Is romantic fiction feminist? Well, yes, sometimes. It’s complicated.

I’m genuinely just thinking aloud (or at least on screen) now. Would be fascinated to hear more thoughts in the comments…

In which I consider what’s in a (genre) name

‘So what do you write?’


‘But what sort of books?’

‘Er… well…. erm…’

That’s a conversation I have at least a couple of times most weeks. I usually end up saying I write ‘Romantic Comedy,’ but usually follow the claim with a rambling disclaimer about the consistency of the funny and the frequent absence of hearts and flowers, and because of those disclaimers it’s not a terribly satisfactory description. So what might  be my better options?


Chick Lit?

Wikipedia describes chick lit as ‘genre fiction which addresses issues of modern womanhood, often humorously and lightheartedly.’ That’s probably as good a description of what I write as any, although I’m quite interested in issue of modern manhood (oo-er missus) as well, so why aren’t I 100% comfortable with the term?

I think it is simply the mental association that I have between between the term chick lit and ideas of pink, glittery covers with pictures of shoes on them. And having just typed that sentence I now feel an overwhelming need to add a disclaimer making clear that there’s nothing wrong with a pink sparkly cover – but somehow they don’t quite float my boat anymore. Perhaps it’s time to revisit that assumption though. It does seem clear that pink, sparkly, shoe covers are somewhat out of vogue. I quick skim of the chick lit bestsellers list on Amazon shoes that there’s still a fair amount of pink, but substantially less sparkle and hardly any pictures of shoes, so maybe I need to update my assumptions, woman-up and come out as a proud Chick Lit Author.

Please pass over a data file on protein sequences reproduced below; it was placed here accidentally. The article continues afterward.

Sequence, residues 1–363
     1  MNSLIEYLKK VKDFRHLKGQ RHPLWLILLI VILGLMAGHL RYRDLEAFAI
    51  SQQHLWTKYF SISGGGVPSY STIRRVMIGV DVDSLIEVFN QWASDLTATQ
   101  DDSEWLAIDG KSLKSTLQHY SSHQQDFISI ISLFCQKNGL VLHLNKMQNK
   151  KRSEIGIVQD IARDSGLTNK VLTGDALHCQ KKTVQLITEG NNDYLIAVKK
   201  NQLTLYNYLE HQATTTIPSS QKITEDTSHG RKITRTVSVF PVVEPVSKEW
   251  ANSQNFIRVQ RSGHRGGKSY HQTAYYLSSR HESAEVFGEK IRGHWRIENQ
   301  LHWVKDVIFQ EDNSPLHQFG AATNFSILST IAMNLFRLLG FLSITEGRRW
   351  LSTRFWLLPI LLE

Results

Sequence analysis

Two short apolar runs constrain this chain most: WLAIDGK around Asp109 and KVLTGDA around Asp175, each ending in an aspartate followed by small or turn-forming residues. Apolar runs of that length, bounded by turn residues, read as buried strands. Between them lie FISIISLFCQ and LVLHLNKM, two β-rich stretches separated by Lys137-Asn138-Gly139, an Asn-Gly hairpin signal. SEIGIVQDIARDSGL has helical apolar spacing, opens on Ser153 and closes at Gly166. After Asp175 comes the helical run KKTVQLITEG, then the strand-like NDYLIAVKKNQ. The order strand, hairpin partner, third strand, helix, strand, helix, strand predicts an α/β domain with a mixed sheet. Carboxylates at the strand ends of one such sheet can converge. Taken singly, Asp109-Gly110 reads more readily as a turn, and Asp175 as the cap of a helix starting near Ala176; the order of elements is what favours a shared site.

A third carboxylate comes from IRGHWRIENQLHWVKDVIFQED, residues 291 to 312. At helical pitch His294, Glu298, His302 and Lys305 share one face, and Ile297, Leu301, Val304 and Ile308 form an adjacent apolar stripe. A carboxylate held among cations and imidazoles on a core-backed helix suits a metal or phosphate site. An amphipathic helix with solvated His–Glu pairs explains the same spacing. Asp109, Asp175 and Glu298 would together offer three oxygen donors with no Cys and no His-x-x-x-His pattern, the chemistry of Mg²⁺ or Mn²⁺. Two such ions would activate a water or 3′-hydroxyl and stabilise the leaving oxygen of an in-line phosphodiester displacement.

Or I could tell people that I write…

Women’s Fiction?

Women’s Fiction or Commercial Women’s Fiction (for those writers who want to make clear that they’d like to get paid at some point) are popular terms in the publishing industry, and encompass rather broad church of stories and authors. They’re terms to which I have only one objection. It’s the word ‘Women’s’. And actually it’s two objections. That is to say that my objections to that one word are twofold. Firstly, why on earth are books about love and family and emotion only for women? Men deal with all those things and it seems plausible that quite a few of them might be interested in reading about that stuff too. Why on earth would we want to create a banner across the top of our books that says ‘Men not allowed’? And secondly, I get the sense of an sneaky little implication that this isn’t quite Proper Fiction. It’s just for women, bless their sparkly pink stilettos. It saves their fluffy little brains from the effort of trying to read the Real Books. It irritates me in the same way that the Women’s section in Sunday newspapers irritate me. I feel like I’m being shepherded away from the real news to look at some nice soothing pictures of dresses. Again, that might say more about my tendency to make assumptions that anything else.